In 1987 and 1988, KPERS loaned substantial additional amounts (approximately $1.5 million) to Emblem in exchange for preferred stock. At that time KPERS also exchanged debentures from the 1985 loan for preferred stock. For the 1987 and 1988 transactions, Linde Thomson provided legal advice and representation to Emblem on an "as requested" basis by the officers and directors. Linde Thomson did not provide legal advice to R&K or KPERS in connection with the 1987 or 1988 loans.
In December 1988, California Labels, Inc., (Cal Labels) agreed to purchase the assets of Emblem. The parties to the agreement were Cal Labels, Emblem, Olofson, Haney, and Merchants Bank, which was a principal creditor of Emblem, Olofson, and Haney.
Paragraph 10(d) of the Asset Purchase Agreement stated: "KDF, Merchants, Olofson and Haney shall execute releases for any and all claims, damages and liabilities arising out of the operations of Emblem and the relationship of the parties with Emblem and each other prior to the Closing." The release, which was executed contemporaneously with the Asset Purchase Agreement, provides:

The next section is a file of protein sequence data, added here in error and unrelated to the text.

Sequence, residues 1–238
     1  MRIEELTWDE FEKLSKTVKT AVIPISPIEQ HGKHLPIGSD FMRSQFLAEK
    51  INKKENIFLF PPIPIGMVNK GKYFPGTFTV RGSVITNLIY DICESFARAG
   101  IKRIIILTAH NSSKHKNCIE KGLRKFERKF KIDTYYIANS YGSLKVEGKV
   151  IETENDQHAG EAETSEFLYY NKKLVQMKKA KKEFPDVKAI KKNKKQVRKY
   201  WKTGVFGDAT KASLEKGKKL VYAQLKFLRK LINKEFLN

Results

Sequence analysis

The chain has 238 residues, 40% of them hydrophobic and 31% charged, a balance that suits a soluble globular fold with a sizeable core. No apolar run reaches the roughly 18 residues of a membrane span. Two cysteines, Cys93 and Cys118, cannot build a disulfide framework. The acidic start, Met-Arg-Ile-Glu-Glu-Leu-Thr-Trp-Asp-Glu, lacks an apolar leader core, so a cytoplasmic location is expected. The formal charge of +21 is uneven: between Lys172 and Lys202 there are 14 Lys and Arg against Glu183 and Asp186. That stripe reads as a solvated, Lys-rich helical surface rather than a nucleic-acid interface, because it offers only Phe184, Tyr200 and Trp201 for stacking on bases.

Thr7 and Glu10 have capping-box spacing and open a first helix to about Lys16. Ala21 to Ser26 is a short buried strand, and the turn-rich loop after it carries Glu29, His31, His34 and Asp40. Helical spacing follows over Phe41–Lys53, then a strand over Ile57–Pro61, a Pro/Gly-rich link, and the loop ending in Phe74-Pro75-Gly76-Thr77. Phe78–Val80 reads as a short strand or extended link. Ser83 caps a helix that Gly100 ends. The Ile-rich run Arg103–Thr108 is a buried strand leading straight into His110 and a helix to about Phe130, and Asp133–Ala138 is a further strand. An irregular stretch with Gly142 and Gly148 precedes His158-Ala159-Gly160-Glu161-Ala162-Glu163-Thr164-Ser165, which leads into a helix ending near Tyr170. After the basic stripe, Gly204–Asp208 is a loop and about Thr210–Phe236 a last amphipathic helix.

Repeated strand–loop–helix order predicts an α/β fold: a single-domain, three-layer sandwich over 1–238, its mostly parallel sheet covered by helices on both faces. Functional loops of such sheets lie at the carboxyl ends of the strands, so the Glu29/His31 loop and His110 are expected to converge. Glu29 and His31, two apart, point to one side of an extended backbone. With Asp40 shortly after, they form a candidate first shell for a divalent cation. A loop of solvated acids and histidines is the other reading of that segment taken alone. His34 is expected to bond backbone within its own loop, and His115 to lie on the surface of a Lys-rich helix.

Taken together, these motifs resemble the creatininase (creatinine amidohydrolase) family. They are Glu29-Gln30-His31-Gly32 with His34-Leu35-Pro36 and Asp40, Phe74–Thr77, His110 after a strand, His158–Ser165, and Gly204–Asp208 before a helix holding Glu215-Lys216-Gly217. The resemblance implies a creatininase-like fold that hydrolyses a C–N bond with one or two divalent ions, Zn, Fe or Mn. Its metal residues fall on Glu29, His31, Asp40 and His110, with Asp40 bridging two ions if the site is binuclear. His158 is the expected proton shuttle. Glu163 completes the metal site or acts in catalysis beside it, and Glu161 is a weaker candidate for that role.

"1. Release and Covenant Not to Sue. KDF and the Investors hereby release, remit, and forever discharge each of the other parties to this agreement together with any officers, directors, partners, stockholders, employees, principals, agents, counsel, subsidiaries, or controlling persons of the foregoing, together with their heirs, legatees, devisees and personal representatives, (all such affiliated persons being referred to collectively as the 'Indemnified Persons'), from any and all claims, demands, liabilities, obligations, losses, damages and causes of action, whether known or unknown, based on, arising out of, or directly or indirectly relating to either (i) the business, management or operation of the Emblem or ETL Corp.[;] (ii) the sale, purchase, ownership, exchange or pledge of any of the securities or debt obligations of Emblem or ETL Corp.; (iii) any action taken by any party or Indemnified Person in its or his capacity as a shareholder, creditor, officer or director of Emblem or ETL; (iv) any personal guarantee of any indebtedness of Emblem or ETL; or (v) any prior negotiations, representations, understandings, agreements, discussions or dealings among any of the parties hereto or other Indemnified Parties (the transactions described in clauses (i) through (v) being collectively referred to as the 'Transactions'). The release granted to any party in the foregoing sentence shall be conditioned upon the closing of the sale contemplated under the Purchase Agreement and the performance by the released party of its obligations under the Agreement. The parties further represent, covenant and warrant that, they have not commenced or prosecuted, nor will any of them commence or prosecute, any form of action or proceeding against any party or any Indemnified Person, based on, arising out of, or directly or indirectly relating to the Transactions."